The HTML5 standard introduces the video-tag, that finally allows adding videos in markup without the use of additional plugins. Pretty much like the img-tag embeds images. Google recently published a YouTube-demo using HTML5, which can be viewed in bleeding edge browsers that already understand HTML5, like Safari 4 Beta on a Mac. It pretty much looks like YouTube as we all know it, but with tiny fast motion preview videos instead of images and without Flash. Sounds like your browser is your TV now and everything works out of the box? Far from it!
The major part in compatibility and standards has not been solved yet: Audio and video codec support. Google’s demo medium uses H.264 for video and AAC for audio compression, which is the combination your new Adobe Flash Player plugin, your new mobile phone, your new gaming console, your new korean DVD player and probably your new freezer are able to play back. Your browser knows how to display PNG, JPEG and GIF images because it comes with their decoding algorithms. Mozilla’s and Opera’s proposal was to include the free open source OGG Theora (Video) and OGG Vorbis (Audio) decoders into any browser. A clean pragmatic approach that doesn’t cost a dime. But Apple and Nokia didn’t like the idea. So the w3c page now reads ‘user agents may support any video and audio codecs and container formats’ and a red disclaimer adds that going with OGG is still a good idea to not fail completely.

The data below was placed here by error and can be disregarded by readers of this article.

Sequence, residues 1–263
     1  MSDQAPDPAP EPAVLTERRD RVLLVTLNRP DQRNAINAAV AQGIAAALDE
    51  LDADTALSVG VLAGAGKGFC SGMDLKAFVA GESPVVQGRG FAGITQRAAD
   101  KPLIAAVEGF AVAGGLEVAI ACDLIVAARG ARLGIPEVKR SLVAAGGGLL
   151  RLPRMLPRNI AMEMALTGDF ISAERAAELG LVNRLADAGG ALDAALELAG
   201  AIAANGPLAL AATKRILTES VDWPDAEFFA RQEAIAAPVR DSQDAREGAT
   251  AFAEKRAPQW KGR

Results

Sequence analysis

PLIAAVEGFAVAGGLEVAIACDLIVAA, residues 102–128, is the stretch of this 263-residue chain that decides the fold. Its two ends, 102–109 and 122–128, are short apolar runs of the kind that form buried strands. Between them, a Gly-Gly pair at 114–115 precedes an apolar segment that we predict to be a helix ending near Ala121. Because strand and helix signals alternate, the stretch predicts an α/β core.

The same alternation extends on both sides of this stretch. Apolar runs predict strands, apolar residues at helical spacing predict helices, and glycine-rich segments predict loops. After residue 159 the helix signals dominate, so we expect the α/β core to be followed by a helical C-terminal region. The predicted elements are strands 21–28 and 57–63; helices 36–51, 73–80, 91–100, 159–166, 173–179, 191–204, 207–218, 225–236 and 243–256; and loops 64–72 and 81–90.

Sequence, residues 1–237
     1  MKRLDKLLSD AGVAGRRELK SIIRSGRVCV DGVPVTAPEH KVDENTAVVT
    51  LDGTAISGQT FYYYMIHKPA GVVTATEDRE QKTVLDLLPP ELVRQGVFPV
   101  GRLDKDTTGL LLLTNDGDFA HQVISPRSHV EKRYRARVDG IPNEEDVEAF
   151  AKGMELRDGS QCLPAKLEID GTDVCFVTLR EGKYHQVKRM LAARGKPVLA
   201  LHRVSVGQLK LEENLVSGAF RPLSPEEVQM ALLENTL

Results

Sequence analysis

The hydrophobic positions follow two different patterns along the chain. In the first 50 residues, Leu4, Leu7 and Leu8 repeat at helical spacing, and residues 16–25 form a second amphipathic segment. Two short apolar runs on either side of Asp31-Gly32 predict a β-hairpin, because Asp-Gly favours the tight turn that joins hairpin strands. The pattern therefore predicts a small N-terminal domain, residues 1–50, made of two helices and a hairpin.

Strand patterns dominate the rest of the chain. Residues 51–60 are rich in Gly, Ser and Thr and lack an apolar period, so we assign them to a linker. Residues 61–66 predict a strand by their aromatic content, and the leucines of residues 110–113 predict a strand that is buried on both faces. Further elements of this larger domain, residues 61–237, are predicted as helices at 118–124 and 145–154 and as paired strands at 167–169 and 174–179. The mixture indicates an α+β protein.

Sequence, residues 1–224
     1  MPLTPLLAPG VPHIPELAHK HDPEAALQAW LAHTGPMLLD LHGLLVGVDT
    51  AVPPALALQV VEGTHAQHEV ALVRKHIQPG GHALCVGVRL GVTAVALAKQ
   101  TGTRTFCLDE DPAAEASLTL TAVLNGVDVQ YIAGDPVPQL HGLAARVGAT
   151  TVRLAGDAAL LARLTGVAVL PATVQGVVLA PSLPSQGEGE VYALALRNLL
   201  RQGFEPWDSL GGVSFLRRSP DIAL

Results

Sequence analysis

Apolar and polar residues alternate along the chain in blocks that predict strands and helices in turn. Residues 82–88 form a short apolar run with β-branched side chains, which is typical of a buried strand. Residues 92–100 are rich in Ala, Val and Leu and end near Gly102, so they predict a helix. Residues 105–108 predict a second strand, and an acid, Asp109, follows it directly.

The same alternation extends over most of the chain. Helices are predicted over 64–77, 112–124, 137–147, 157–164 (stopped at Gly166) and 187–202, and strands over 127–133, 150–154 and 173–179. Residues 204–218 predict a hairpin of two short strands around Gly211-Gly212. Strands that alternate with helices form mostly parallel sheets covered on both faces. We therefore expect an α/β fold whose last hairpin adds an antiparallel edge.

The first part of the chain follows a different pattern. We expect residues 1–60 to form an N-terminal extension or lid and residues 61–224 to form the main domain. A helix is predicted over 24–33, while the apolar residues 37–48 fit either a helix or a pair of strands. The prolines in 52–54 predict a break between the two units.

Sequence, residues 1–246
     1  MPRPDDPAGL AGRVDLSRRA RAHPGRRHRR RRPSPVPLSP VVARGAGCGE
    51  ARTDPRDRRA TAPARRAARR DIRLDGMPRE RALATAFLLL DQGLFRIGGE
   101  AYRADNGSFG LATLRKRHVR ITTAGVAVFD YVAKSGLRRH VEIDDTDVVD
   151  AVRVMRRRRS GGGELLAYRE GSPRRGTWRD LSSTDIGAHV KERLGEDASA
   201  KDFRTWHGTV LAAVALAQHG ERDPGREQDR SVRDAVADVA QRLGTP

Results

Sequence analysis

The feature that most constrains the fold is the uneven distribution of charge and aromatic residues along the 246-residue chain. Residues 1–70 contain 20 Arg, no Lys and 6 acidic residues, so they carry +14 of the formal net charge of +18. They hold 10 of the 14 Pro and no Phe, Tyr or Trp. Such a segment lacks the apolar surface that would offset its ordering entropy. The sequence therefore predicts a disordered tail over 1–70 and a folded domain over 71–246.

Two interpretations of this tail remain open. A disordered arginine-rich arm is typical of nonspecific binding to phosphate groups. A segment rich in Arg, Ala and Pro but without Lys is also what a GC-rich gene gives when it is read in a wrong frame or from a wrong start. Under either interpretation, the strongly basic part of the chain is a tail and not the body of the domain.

But it will fail completely. We will see more H.264 video and MPEG4 audio, because quality and size are great and we don’t have to encode and store a medium more than once to play it back in most browsers and Flash Player 9+. Mozilla, Opera, Safari and Chrome browsers will also support OGG. Microsoft’s Internet Explorer won’t. Microsoft has all those funny media formats and browsers, and they even have Silverlight. They will play WMV and WMA, and nothing else. And we developers will just continue to do what we like most: Building browser switches, adding capabilities by using browser plugins and testing all versions of IE that have ever been released since August 27, 2001, the birthday of IE6. Show me that I’m wrong Microsoft.